Annotations of The Complete Peanuts/1955 to 1956

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Annotations to The Complete Peanuts: 1955 to 1956 by Charles M. Schulz (Fantagraphics Books, 2005. ISBN 1560976470)

  • p. 6 (January 11, 1955). A mambo is a very fast piece of dance music.
  • p. 6 (January 12, 1955). A metronome is a device for keeping a regulated beat to assist in the playing of music.
  • p. 7 (January 13, 1955). You break the sound barrier by traveling faster than the speed of sound: approximately 343 m/s, 1,087 ft/s, 761 mph or 1,235 km/h in air at sea level. The person generally credited with first doing this is Chuck Yeager on October 14, 1947.
  • p. 10 (January 22, 1955). This may be inspired by the 1940 film, Edison, the Man, which starred Spencer Tracy and told the story of the earlier years of inventor Thomas Edison.
  • p. 16 (February 4, 1955). An egotist is someone self-centered, who thinks they are "the center of the universe."
  • p. 21 (February 15, 1955). In actual farming, "parity" was the ratio of farm income to farm expenditure with 1910-1914 as a base. Farm interests from 1920s to 1960s wanted federal programs to raise their income to parity.
  • p. 33 (March 15, 1955). Lucy is playing with some famous sayings. "There's a sucker born every minute," (i.e. you can always find someone to con) is attributed to showman P.T. Barnum. "Two's company, but three's a crowd." "If at first you don't succeed, try, try again."
  • p. 48 (April 19, 1955). Charlie Brown is reading a Pogo comic book.
  • p. 57 (May 10, 1955) Buffalo Bill was an army scout and frontiersman who later went into the entertainment business, running his "Wild West" show. Annie Oakley was a female sharpshooter and part of the show. She was so talented that she is generally considered American's first female superstar. Although she wasn't actually part of the settling of the West, she dressed in buckskins to play up that image. It would not be too far a stretch to say that this strip is commentary on the rise of feminism that occurred after World War II.
  • p. 60 (May 16, 1955) Almost all clovers have three leafs. Due to their rarity, a four-leaf clover is considered a good luck charm.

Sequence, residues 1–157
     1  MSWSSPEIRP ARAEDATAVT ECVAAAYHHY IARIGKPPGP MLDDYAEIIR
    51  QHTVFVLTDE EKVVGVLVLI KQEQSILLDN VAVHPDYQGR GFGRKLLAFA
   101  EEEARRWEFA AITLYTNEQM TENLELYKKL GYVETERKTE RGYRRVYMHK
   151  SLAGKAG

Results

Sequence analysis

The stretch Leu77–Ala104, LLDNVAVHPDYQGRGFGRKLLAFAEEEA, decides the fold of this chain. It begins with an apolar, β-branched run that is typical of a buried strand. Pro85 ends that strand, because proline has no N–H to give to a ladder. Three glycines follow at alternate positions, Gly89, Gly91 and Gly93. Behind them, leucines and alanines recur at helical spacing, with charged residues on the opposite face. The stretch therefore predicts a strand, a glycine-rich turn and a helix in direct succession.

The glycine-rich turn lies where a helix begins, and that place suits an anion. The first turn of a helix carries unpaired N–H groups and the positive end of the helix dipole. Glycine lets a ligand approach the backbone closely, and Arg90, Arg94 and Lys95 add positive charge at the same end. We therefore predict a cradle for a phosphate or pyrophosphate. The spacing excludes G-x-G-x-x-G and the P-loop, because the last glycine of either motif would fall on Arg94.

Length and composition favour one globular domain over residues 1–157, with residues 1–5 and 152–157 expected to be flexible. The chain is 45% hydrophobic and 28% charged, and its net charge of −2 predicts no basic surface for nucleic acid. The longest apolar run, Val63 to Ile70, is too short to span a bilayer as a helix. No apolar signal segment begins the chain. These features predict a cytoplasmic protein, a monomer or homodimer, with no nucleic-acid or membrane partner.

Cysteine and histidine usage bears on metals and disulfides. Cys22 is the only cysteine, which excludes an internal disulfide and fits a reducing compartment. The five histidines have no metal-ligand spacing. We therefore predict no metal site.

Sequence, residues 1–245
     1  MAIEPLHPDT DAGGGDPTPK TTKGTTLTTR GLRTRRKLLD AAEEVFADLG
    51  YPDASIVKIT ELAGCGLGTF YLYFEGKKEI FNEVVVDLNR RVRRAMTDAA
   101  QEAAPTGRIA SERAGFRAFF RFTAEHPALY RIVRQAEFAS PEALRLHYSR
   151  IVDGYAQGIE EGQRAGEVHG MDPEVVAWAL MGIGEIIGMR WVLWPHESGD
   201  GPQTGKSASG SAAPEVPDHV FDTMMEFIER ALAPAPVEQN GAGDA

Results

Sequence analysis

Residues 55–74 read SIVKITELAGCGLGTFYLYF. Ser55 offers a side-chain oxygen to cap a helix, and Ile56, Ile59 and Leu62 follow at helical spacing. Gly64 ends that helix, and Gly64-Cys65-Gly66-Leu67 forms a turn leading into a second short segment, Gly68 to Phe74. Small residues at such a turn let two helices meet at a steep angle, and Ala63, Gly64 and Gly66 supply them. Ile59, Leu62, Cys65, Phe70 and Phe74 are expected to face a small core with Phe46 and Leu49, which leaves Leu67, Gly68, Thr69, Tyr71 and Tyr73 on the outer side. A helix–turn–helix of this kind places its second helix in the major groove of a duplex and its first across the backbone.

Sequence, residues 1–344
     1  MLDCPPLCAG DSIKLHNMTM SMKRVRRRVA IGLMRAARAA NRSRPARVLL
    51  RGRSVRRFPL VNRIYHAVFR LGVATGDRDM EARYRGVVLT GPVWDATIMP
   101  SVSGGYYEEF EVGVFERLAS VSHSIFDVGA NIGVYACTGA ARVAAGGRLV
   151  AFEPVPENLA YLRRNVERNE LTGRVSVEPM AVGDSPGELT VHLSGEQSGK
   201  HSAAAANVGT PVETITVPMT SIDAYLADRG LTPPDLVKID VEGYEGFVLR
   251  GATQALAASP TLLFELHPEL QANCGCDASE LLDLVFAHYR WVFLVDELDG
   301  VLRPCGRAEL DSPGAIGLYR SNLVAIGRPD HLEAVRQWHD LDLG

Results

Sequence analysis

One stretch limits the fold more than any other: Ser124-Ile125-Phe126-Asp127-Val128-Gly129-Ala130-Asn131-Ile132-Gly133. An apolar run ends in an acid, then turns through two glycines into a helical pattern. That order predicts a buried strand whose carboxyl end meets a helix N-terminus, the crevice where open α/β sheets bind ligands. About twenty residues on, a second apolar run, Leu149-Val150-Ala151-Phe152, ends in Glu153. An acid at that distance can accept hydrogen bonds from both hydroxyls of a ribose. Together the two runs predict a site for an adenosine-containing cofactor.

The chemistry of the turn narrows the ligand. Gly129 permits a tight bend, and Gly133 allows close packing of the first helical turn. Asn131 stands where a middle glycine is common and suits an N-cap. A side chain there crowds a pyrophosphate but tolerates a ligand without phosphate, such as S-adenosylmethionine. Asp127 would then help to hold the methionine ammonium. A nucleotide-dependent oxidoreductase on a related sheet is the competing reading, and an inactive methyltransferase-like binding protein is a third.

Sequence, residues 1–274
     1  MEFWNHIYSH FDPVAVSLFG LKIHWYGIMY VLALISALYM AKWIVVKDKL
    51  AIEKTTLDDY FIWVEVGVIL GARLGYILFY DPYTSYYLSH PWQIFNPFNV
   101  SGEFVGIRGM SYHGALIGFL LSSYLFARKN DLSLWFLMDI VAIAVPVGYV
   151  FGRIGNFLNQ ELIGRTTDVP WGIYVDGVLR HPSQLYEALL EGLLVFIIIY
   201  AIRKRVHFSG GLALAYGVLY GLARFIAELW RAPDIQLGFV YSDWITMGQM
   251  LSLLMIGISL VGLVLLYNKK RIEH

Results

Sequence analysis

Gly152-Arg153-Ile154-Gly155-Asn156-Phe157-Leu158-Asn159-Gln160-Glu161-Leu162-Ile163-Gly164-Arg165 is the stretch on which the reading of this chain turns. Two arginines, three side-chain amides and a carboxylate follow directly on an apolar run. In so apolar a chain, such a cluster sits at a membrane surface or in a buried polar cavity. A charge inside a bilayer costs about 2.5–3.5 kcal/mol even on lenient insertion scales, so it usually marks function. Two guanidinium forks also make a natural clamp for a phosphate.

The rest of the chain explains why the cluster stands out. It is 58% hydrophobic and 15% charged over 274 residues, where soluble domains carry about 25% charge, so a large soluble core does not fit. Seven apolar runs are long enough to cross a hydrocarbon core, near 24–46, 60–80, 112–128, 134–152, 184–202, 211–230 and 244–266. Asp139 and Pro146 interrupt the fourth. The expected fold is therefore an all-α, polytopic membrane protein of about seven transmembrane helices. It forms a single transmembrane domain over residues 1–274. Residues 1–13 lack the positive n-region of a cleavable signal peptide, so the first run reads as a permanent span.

• p. 66 (June 1, 1955). The first appearance of one of the 1950's hottest fads, the Davy Crockett coonskin cap.(See p. 45, above.) / Sam Snead was a professional golfer famous for his large straw hats.
  • p. 69 (June 6, 1955). The song "The Ballad of Davy Crockett" claims many fantastic things about the man, among them that he killed a bear "when he was only three."
  • p. 69 (June 8, 1955). "The Ballad of Davy Crockett" begins, "Davy! Davy Crockett, King of the Wild Frontier . . ." Modern readers may find it odd that Schulz devoted so many strips to such a trivial phenomenon, but Davy Crockett and coonskin caps really were seemingly everywhere at the time. (See p. 78, June 28, 1955)
  • p. 70 (June 9, 1955). Minnesota is Chales Schulz' home state.
  • p. 73 (June 17, 1955). A white-collar worker is a professional, someone who's work is supposedly more intellectual than physical. People in manufacturing are said to be blue collar workers. The joke is that even Pig Pen's white collar is bound to be dirty.
  • p. 76 (June 25, 1955). Most recreation rooms in suburban homes are in the basement to keep the noise down.
  • p. 98 (August 14, 1955). To "clear the table" in the game of pool| is to sink all the balls on one turn and thus win the game.
  • p. 99 (August 15, 1955). The umlauts over the o's would actually be pronounced "boo-woo." According the International Phonetic Alphabet, the correct way to represent "bow wow" is: bau wau.
  • p. 105 (August 30, 1955) Miss Frances was the host of a popular children's television program. She inventing the approach of talking to the her young viewers as if they were in the room with her.
  • p. 131 (October 31, 1955). The trick-or-treaters are, in order, Patty, Lucy, Shermy, Violet, Schroeder and Linus.
    • Lucy's hair and shoes are visible on in panel #4, even though she had planned on dressing as a ghost on Oct 29/30.
    • On November 14, Pig-Pen says he was "away" on Hallowe'en, so he is not in this strip.
    • Linus is behind Schroeder in panel #9; even though Charlie Brown admired Davy Crockett earlier, Linus produces a Crockett snowman on December 12.
  • p. 106 (November 2, 1955). This will be Sputnik, the first artificial satellite, launched by the then-Soviet Union on October 4, 1957, signaling the start of the Space Age and the Space Race.
  • p. 117 (September 27, 1955). Charlie Brown is shown as "small." The expression "to feel small" means to be embarrassed.
  • p. 142 (November 26, 1955). Snoopy is imitating Mickey Mouse.
  • p. 147 (No date in strip, but is December 7, 1955). Lucy is reading a variation on the Dick and Jane readers popular at the time. Schulz is being sarcastic. Not much really happens in the stories, so they are far from "fascinating."
  • p. 149 (December 11, 1955). The snow man is (who else?) Davy Crockett.